Involved with PGA HOPE for two years, Walt Baker understands the veterans from both their golf and military stance. One of the golf pros helping the vets, Baker also is a veteran of the Vietnam War, having done two tours.
"I do whatever I can to help the veterans," Baker said. "When we got home from Vietnam — it wasn’t very popular and we weren’t treated very nicely — so anything I can give back I do. I know they appreciate our efforts and I’m happy to do it.”
Since he has been in their boots, Baker has "seen what they have seen," so he understands what they are going through.
“I can see on their faces that they’re very happy to learn something new and most of these guys I think are PTSD guys, so if we can make their life a little more happier and fill their brain with something else other than thinking about their past history I’m happy to do that," Baker said. "As a veteran, I just feel not just obligated, but I’m a very patriotic guy and it’s the least we can do. We can’t do enough for the veterans. And I’m not talking about myself. I’m talking about these poor guys who come back from the wars that we’re in.”
The benefits of golf for veterans
Baker believes the activity helps them cope with any issues they may experience. Those issues generally do not get discussed on the range. Whatever difficulties they may be having, the range is a safe space and Baker said he does not think of the veterans issues. He is there for therapeutic reasons that golf brings.
“I’m only with them in the recreational situation, not the medical situation," Baker said. "We don’t talk to them about anything like that. This is an escape probably from what’s bugging them I imagine. I would say anything we can do — they smile, they’re happy to learn, that’s for sure. None of them had played golf and you see them hit a good shot for the first time and they sort of get it and that’s always been one of the motivations that has kept me as an instructor for 40-plus years. So just to see the progress and the happiness in their faces. And they’re willing to come back. We see the same guys each week, so they’re enjoying it and we enjoy them…They’re very upbeat. There’s no one down and out — at least when they’re with us. They’re very grateful and I’m grateful for them.”
At MAVERIC for 13 years, head teaching professional Bill Spicer said PGA HOPE has been his first experience teaching members of the military. Spicer, a PGA member for 42 years, said that the program started with only a "couple guys," but after two years, they see upwards of 14 on any given Wednesday.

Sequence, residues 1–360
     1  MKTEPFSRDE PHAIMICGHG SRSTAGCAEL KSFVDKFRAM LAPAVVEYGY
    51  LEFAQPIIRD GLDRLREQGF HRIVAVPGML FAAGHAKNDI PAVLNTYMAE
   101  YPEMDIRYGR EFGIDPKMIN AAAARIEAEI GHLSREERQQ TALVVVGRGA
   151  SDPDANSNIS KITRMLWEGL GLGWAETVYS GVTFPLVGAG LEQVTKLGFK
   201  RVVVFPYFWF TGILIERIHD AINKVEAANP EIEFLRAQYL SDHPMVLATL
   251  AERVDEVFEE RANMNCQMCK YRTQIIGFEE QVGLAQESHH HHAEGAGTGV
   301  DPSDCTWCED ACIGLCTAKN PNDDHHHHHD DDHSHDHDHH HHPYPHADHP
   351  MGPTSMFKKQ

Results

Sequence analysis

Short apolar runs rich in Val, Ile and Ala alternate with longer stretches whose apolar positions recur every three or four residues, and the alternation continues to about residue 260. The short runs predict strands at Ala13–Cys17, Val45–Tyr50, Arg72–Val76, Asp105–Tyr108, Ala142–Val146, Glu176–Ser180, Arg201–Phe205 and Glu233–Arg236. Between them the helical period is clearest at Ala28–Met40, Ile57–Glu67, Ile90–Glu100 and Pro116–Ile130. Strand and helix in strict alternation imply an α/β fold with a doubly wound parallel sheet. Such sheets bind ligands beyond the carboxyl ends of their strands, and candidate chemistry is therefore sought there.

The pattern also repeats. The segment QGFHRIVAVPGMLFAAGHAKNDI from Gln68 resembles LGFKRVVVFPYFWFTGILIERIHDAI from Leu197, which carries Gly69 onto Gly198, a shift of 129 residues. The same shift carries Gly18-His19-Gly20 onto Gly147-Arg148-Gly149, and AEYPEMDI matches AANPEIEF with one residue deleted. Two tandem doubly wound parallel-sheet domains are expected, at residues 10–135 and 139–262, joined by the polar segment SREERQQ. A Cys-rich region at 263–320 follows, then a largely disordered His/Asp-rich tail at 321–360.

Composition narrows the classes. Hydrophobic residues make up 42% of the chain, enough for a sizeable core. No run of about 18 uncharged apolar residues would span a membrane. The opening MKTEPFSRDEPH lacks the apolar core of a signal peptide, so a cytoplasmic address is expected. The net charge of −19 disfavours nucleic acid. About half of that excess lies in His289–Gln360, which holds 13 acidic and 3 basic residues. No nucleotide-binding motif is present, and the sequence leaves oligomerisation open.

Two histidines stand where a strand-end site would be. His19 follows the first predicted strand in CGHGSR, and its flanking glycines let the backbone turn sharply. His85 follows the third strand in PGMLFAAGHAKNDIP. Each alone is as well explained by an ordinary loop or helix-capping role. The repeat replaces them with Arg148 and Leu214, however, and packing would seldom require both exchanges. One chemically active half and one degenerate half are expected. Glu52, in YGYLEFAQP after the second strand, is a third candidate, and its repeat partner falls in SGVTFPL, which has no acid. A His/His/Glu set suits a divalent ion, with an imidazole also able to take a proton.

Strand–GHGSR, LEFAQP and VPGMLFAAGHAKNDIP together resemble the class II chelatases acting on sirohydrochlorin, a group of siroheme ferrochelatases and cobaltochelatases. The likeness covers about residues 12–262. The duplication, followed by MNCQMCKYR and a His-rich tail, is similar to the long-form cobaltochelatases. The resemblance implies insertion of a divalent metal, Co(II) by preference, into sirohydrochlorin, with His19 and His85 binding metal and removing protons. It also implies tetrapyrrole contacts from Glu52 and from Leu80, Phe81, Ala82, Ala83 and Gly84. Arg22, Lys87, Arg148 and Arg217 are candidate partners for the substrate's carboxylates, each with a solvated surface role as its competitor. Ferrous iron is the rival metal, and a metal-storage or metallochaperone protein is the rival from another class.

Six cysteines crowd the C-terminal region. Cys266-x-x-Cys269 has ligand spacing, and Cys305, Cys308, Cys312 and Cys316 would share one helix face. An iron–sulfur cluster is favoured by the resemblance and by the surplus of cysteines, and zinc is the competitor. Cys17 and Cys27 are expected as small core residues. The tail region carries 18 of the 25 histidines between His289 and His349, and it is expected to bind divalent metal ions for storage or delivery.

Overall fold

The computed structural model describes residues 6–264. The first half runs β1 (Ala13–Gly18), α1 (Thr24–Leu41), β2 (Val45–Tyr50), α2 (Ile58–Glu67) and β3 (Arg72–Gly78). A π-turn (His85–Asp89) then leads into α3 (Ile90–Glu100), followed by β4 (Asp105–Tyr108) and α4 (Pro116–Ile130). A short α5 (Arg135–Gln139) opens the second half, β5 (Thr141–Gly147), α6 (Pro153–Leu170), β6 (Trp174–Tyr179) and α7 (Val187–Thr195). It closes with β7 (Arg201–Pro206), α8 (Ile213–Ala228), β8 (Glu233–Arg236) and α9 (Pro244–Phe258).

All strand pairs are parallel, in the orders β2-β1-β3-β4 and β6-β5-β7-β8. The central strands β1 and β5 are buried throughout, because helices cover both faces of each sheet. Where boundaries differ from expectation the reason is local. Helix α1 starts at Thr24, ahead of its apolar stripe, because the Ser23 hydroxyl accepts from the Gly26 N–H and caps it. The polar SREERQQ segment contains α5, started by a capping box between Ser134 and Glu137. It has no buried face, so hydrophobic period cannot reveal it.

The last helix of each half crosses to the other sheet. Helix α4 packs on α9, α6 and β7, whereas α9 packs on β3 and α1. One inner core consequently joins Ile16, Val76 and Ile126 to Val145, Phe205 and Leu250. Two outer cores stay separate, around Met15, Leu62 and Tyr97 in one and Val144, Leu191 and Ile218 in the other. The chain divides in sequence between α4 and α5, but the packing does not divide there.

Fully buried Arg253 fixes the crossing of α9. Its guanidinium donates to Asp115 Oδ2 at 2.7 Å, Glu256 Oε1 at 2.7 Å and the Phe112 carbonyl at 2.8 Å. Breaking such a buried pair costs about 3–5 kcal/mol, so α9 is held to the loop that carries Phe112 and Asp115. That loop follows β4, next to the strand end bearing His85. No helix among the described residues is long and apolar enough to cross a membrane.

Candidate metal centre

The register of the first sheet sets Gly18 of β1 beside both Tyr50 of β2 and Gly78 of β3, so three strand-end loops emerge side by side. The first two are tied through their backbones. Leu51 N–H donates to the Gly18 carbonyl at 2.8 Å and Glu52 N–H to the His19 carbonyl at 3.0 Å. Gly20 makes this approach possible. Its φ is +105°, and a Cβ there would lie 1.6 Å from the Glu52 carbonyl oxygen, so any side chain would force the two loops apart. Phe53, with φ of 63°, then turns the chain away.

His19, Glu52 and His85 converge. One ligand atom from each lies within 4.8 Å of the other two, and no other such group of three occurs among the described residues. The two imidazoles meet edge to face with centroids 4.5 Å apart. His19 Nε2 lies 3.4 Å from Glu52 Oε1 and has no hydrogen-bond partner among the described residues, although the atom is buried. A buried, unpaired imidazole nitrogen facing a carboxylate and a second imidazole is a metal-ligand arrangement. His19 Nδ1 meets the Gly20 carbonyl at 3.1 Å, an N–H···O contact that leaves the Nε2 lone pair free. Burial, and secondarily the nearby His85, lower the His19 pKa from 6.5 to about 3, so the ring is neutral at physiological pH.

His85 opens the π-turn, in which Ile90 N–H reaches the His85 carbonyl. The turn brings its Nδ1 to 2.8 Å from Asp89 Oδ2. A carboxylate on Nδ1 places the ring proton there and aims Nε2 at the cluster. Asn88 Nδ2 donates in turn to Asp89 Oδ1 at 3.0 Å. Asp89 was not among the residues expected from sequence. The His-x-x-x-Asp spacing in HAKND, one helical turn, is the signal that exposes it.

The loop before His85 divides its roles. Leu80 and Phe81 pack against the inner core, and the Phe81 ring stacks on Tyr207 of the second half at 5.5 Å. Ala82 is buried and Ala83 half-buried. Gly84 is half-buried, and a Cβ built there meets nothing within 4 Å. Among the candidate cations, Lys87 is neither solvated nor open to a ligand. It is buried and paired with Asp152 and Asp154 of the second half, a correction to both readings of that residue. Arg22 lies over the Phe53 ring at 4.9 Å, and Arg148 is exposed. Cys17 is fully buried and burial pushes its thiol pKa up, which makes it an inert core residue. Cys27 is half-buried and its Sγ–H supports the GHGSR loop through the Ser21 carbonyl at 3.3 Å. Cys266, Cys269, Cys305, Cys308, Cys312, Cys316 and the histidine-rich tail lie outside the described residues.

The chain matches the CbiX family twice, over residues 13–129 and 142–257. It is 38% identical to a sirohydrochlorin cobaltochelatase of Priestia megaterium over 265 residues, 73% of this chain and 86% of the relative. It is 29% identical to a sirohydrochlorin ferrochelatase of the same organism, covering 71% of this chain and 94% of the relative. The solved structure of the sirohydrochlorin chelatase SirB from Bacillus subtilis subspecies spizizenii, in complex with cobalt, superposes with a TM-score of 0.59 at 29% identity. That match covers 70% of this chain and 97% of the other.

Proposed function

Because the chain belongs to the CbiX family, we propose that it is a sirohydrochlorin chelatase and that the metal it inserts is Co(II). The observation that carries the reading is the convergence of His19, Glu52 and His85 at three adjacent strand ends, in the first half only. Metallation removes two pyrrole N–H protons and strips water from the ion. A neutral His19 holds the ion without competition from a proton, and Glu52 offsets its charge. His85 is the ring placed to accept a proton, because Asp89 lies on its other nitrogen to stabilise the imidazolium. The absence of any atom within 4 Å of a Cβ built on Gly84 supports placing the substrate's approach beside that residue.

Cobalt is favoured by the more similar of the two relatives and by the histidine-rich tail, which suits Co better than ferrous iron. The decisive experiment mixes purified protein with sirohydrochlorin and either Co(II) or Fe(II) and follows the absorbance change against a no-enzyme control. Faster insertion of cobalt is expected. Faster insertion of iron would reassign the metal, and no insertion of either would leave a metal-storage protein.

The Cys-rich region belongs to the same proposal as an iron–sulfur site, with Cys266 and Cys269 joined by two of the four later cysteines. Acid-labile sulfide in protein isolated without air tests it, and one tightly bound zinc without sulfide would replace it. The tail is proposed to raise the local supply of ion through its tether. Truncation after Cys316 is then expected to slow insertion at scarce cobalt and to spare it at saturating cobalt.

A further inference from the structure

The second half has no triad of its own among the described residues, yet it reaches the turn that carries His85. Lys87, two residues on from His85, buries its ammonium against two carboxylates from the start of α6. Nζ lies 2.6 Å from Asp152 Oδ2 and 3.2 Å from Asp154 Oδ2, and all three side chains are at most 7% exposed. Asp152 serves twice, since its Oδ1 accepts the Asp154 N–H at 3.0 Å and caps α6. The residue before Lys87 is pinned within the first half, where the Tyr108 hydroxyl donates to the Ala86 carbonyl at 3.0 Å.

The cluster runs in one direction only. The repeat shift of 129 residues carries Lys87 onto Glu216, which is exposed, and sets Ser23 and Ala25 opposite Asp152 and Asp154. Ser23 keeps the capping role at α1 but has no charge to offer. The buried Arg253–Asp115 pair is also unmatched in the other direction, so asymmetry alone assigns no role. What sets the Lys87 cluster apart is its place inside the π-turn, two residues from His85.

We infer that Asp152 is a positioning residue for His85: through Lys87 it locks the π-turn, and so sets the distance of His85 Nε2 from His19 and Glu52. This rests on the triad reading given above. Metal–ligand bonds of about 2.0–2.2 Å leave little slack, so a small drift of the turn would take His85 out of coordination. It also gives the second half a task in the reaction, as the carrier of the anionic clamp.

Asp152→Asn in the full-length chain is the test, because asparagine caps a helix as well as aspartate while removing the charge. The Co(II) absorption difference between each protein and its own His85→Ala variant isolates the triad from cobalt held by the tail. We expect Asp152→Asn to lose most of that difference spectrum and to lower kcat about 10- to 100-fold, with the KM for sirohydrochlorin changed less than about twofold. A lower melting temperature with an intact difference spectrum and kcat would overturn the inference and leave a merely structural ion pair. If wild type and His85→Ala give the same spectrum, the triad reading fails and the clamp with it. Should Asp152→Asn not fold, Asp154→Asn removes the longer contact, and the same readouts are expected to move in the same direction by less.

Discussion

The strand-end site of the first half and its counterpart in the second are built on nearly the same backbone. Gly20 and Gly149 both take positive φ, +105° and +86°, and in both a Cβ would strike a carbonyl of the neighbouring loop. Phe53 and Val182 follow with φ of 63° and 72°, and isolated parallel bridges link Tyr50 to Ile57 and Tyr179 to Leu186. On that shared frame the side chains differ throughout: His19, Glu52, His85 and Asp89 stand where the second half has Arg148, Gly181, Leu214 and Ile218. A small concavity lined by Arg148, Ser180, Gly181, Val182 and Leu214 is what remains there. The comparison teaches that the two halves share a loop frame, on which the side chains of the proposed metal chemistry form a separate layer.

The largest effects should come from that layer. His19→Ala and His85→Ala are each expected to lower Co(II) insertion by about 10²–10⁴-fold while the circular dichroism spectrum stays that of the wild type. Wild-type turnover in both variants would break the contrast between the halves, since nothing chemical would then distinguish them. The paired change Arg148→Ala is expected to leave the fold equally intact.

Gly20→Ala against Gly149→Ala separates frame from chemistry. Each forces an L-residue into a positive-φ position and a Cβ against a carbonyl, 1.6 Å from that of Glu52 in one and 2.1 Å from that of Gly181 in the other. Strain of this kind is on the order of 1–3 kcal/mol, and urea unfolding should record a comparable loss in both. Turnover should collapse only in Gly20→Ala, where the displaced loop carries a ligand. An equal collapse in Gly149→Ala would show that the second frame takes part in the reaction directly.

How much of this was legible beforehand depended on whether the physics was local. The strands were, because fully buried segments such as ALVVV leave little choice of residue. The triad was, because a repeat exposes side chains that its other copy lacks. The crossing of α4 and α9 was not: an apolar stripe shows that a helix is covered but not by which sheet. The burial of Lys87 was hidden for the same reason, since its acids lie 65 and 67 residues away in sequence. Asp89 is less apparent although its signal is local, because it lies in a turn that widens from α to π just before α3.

“It’s very rewarding for us as professionals to be able to help these guys," Spicer said. "They are all good guys. And it’s tremendous that they can be outside here and enjoy the fresh air."
A few of the veterans even come for more than a lesson.
A self-taught golfer before he came to MAVERIC, Eugene Lee, 56, of Morris County can attest to the benefits of the program.
"The clinic has been wonderful," said Lee, a combat engineer from 1981 to 1988 who currently resides at the VA. Since coming to Lyons in February, he has been working at the driving range since March.
“Personally it’s given me more insight," Lee said. "I thought I knew I was doing it the right way, but once I was informed by the pros, it was like an eye opener. It’s really improved my game.”
The first annual PGA HOPE Secretaries Cup
Come July 24, five teams made up of four veterans each will participate in the first annual PGA HOPE Secretaries Cup. As a kickoff to the official PGA Championship Week, three teams from New York, one from Pennsylvania and one from the Garden State will come together to play a nine hole scramble at Fiddler’s Elbow Country Club in Bedminster.
“The idea through the PGA of America and PGA Reach is that each year the event will go to the area of where the PGA Championship is and the event will continue to grow," Hunt said. "Other states will bring teams and sooner or later we will have 20 to 30 foursomes competing on an annual basis for this secretaries cup.”
Like many others, Lee is "looking forward" to the upcoming event.
Correspondent Matt Sugam contributed to this report
Staff Writer Cheryl Makin: 732-565-7256; firstname.lastname@example.org